Over 250 forest staff engaged in jumbo survey

Officials have visited all known waterholes, tanks, streams and rivers, to take pictures of elephants in Belagavi.  

Over 250 Forest Department personnel are currently engaged in scanning bamboo bushes and clearings in forests, waterbodies and grasslands in Belagavi district to make sure the 14-16 elephants tracked five years ago are still around.

The officials in Khanapur and other forest areas will record the area and the time of sighting of these pachyderms. If lucky, they may get to see the lone resident elephant in this group – an ageing, one-eyed tusker who wanders between forest patches, but never migrates.

The teams of three and four are working in a systematic manner for the last three days. At first, they combed 34 blocks of forests, measuring between 7,000-12,000 hectares, recording sightings of elephants and their global positioning system locations. Secondly, they visited all known waterholes, tanks, streams and rivers, to take pictures of herds. They have counted how many juveniles, calves, sub-adults, and adults were found, and have tabulated how many of them were males and females. On Friday, the officials tried the line-transect droppings count method. In this, forest guards and watchers walk along a two km line and look for elephant dung. They take GPS readings and measure the size of the dung. They mark the area in which it is found, including the distance from the measuring line.

“By Saturday morning, officials will have compiled their data and sent it to the Chief Conservator of Forests, elephant project in Mysuru,” Basavaraj Patil, Deputy Conservator of Forests, Belagavi, told The Hindu.

Fifth survey

The random sample survey of elephants began in the 1970s, though it attained formal shape in 2002. The survey methodology perfected that year is being tried for the third time now. It is carried out once every five years. The last two surveys revealed that we have between 14-16 elephants, who are migratory. They spend six months in the Belagavi division, from September to January. By the beginning of February, they move to other forest areas. Unlike other south Indian states, there is only one resident elephant, an adult male. It has lost one eye to conflict or disease and remains elusive. It is usually very peaceful and quiet, said Mr. Patil.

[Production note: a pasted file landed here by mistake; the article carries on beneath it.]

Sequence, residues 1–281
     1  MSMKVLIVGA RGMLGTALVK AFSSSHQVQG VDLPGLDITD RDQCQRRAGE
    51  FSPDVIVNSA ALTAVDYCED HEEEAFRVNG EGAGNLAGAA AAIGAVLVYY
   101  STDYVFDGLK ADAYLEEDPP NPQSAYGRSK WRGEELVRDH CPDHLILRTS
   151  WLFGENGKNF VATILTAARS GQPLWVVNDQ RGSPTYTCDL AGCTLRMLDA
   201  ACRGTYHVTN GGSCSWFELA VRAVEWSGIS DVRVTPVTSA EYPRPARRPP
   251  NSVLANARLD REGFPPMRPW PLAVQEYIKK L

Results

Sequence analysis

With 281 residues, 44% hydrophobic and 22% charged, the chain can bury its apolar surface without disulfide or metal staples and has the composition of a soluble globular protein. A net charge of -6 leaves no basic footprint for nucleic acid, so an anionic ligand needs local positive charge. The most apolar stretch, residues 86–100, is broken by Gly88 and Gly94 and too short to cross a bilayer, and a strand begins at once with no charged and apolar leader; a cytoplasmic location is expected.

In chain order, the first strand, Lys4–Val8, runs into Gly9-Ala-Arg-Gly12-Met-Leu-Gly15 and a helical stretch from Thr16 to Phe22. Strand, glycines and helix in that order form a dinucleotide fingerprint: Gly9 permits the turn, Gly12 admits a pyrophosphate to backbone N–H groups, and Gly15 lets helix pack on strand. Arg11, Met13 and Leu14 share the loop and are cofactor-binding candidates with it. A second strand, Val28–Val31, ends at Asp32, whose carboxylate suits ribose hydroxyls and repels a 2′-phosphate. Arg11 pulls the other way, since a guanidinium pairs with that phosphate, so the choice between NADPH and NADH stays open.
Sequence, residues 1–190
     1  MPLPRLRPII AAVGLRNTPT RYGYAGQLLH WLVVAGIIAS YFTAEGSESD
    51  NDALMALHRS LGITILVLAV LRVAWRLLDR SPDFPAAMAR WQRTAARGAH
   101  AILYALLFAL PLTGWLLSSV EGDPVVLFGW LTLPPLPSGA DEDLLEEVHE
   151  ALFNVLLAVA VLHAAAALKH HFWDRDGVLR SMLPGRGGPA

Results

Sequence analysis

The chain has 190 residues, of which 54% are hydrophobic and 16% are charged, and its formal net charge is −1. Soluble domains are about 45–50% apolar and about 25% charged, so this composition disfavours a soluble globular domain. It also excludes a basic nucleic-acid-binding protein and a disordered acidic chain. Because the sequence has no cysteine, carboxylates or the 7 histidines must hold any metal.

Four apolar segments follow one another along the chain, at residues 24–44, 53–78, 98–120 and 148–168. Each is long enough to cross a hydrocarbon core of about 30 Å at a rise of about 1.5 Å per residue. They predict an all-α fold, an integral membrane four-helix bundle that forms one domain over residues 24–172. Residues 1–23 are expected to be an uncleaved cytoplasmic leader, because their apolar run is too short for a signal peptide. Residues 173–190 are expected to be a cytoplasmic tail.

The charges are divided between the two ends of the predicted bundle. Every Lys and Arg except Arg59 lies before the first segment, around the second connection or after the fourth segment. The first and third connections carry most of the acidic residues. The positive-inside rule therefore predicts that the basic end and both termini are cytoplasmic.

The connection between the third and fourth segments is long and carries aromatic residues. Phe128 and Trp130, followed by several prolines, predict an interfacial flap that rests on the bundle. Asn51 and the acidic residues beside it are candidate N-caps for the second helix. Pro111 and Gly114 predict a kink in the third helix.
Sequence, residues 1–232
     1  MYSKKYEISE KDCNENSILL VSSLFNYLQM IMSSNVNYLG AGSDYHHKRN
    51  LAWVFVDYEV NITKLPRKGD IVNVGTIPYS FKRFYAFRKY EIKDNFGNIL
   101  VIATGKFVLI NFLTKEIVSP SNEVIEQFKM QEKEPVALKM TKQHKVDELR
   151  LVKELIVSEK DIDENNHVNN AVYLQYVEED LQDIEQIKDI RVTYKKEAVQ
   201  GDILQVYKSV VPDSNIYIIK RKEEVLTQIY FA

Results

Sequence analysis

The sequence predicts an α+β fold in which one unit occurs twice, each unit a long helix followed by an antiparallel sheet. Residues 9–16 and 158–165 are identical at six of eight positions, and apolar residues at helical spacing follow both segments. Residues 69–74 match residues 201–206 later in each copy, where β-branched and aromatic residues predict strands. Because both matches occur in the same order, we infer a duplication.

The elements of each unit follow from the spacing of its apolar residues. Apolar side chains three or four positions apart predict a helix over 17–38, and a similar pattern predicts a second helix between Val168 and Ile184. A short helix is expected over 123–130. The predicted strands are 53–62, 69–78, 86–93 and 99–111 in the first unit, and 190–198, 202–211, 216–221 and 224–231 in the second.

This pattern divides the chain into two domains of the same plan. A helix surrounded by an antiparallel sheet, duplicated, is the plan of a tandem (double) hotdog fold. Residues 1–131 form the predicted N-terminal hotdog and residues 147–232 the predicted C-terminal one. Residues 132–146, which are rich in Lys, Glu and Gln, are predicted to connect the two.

The survey is a pan-India effort, coordinated by the Union government, in which the Forest Departments of concerned States are participating. The southern block, which includes Maharashtra and other south Indian states, is hoping to complete its survey by Saturday morning. The raw data is processed at Mysuru and at New Delhi, to eliminate double sightings in adjoining districts or states. The total collated data across the country should be available in a few months, the DCF said.

The field staff were trained in the survey methodology on May 16. They began working from May 17 morning.

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Printable version | Dec 1, 2021 11:03:59 PM | https://www.thehindu.com/news/national/karnataka/over-250-forest-staff-engaged-in-jumbo-survey/article18511537.ece

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